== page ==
Long a destination for burger lovers, Rockwell has taken the lead in bringing interesting Texas craft beers to Cypress, with selections from Texas Big Beer Company, Brazos Valley Brewing Company, and Buffalo Bayou Brewing. Many of the menu items are made with the beer, too, like the Sympathy Wings made with Karbach’s Sympathy for the Lager, and the Convict Hill Outlaw burger (fork and knife required) topped with pastrami braised in Convict Hill Stout and Spicy Mustard. The service and atmosphere are Texas-casual.

Rudy’s Grill & Cantina


Cactus-shaped glasses, a terra cotta–roofed indoor bar, and serapes are all part of the kitschy charm at Rudy’s, where the house margaritas are icy-cold, the perfect balance between sweet and tart, and a bargain at $3.50 for a generous “small.” In fact, Rudy’s claims it’s “home of the best margarita in Texas,” and while there’s stiff competition for that title, the ones served here are very tasty indeed, not to mention perfect paired with an order of mini pork tacos (served with pineapple, like traditional tacos al pastor.) Don’t miss the expertly seasoned black bean soup, served with pico de gallo and shredded queso fresco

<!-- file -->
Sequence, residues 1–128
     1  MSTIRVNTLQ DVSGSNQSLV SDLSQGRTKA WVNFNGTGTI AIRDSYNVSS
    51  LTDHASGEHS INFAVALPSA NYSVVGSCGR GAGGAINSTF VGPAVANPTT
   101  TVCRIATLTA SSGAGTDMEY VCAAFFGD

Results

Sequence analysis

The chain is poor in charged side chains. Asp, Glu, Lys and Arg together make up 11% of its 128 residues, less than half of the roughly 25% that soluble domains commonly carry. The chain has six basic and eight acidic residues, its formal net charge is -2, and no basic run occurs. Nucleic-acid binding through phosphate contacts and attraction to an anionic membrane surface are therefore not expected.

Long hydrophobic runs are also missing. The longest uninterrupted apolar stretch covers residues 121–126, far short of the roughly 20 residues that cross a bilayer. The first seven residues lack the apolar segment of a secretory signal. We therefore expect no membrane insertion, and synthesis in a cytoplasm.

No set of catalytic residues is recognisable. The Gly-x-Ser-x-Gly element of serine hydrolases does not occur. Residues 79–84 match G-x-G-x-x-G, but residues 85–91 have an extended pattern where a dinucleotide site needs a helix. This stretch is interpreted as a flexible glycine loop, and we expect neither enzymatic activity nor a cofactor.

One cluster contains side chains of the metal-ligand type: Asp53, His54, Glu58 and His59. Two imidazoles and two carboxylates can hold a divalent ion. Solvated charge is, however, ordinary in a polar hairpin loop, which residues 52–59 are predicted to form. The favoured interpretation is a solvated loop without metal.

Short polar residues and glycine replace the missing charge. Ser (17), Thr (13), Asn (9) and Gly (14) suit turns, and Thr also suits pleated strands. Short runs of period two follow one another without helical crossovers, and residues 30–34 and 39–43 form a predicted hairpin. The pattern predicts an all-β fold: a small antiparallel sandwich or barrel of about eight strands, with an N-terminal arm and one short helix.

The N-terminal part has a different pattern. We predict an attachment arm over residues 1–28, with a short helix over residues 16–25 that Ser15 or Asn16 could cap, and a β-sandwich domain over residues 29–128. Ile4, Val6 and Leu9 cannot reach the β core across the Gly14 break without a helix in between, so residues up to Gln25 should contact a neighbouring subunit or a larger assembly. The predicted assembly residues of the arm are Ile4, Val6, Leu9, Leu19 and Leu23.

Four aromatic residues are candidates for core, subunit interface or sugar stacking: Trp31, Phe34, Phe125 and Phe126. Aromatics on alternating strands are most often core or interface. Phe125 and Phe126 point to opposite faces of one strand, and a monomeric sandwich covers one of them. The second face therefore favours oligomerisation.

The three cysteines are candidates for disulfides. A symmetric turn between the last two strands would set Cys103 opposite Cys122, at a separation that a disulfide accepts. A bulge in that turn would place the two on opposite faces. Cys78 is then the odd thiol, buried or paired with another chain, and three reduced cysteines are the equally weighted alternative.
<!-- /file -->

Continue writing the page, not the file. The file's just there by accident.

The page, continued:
It helps to know that this new wine bar and restaurant is located next door to a ReMax realty office, which is much easier to spot. Once you find Three20Three, head inside for some of chef Brandy Graesser’s outstanding pomegranate lamb chops and a glass of red wine. Other recommendations include the “potato chip nachos” featuring housemade chips topped with pico de gallo, bacon, jack cheese, and jalapeño ranch dressing for a fun twist on an old stalwart, and the “signature grilled cheese,” a sophisticated version of brioche, with bacon, ham, and pinot noir jam. The wine list leans heavily on the California side, but there are some international options as well.